Libby Keenan is seeking a position as a town councillor in the Oct. 22
municipal election.

Amherstburg should be marketed better, Keenan believes, as the town is not known well enough across the province. She believes someone should be appointed or hired to better market the town and attend travel conventions, events and form stronger partnerships with other municipalities.

“It needs to be marketed,” said Keenan. “It’s here but it’s a bit of a secret, even now, after all this time.”

Belle Vue, Keenan stated, could be a “huge money pit” or a great benefit, depending on how it is used. She said a historic building in Brampton is popular for weddings, dances and similar events and she thinks Belle Vue could be too.

“It has to be very clearly defined what the goals are,” she said of Belle Vue. “There has to be very close oversight on the business plan for Belle Vue.”

The development of the Duffy’s site was another issue she addressed, and Keenan wonders if it will require a customs office to accommodate U.S. boaters.

Issues in the rural areas of Amherstburg need addressing, said Keenan, and not just the urban area. She is an advocate of putting a pool at the Libro Centre.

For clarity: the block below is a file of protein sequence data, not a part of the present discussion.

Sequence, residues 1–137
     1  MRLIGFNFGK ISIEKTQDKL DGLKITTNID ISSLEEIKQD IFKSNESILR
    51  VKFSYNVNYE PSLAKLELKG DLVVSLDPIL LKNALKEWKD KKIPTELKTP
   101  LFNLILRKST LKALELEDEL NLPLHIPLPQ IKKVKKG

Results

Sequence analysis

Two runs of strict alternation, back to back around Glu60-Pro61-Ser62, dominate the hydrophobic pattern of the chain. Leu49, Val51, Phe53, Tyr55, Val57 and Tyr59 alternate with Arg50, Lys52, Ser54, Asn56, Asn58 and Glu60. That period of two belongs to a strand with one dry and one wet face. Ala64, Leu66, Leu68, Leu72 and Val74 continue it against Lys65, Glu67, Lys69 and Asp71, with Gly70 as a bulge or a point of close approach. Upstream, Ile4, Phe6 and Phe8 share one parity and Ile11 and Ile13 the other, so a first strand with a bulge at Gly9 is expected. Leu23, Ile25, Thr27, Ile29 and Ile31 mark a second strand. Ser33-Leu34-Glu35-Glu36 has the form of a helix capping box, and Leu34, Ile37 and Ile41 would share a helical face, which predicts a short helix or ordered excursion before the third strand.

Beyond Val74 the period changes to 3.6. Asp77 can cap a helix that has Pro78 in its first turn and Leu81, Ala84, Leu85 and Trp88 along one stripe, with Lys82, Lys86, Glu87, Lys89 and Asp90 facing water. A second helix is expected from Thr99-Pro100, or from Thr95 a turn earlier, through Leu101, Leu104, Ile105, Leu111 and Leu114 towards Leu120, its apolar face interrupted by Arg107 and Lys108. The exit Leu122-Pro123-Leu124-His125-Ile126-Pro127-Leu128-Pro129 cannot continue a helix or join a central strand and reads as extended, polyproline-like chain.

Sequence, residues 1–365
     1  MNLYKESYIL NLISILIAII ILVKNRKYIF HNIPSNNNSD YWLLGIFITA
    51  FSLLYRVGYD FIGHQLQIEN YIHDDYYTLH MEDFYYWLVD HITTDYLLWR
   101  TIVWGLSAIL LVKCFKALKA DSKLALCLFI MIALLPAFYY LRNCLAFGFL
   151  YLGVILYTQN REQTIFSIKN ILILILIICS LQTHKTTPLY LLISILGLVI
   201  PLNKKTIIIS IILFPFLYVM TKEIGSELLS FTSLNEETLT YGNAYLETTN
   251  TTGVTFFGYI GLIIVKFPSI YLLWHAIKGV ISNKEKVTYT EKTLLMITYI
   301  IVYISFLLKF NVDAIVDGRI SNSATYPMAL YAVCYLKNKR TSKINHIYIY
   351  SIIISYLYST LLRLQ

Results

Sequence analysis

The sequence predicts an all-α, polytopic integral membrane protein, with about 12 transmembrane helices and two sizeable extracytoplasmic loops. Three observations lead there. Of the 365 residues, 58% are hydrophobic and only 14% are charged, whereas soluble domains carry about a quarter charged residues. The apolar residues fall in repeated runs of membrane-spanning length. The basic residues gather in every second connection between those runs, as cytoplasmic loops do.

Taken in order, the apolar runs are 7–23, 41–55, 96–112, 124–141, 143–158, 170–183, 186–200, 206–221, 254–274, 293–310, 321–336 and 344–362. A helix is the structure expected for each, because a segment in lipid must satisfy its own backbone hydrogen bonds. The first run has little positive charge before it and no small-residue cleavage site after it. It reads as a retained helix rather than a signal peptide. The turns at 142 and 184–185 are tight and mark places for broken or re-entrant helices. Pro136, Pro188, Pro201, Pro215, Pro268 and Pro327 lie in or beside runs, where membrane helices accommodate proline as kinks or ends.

With the OCPC rendering its decision on the police issue, Keenan said “we have to give it a chance” though she also believes policing “could be the first domino.

“I’m not fear-mongering,” she said. “I’ve seen it happen.”

Keenan said, if elected, she would rely on the expertise of administration and wants to form a good relationship with them. She said they know what can be done and what can’t be done and that money and time could be saved by pursuing initiatives recommended by administration.

Keenan, a local horse farmer with a degree in social work from York University, said “there is so much to offer here” and that people should not be afraid to brainstorm ideas.

“It’s not a matter of mowing down the other point of view,” she said. “That’s no way to live.”

Sutherland trying to return to council, looking at a councillor position

 

 

By Ron Giofu

 

A former deputy mayor is attempting to return to town council, this time as a councillor.

Ron Sutherland, who served as Amherstburg’s deputy mayor from 2010-14, is trying to be an elected official once again. He said he made the decision to run for a councillor’s position as he, as well as residents he has spoken with, “are not pleased with the lack of transparency” with the current council.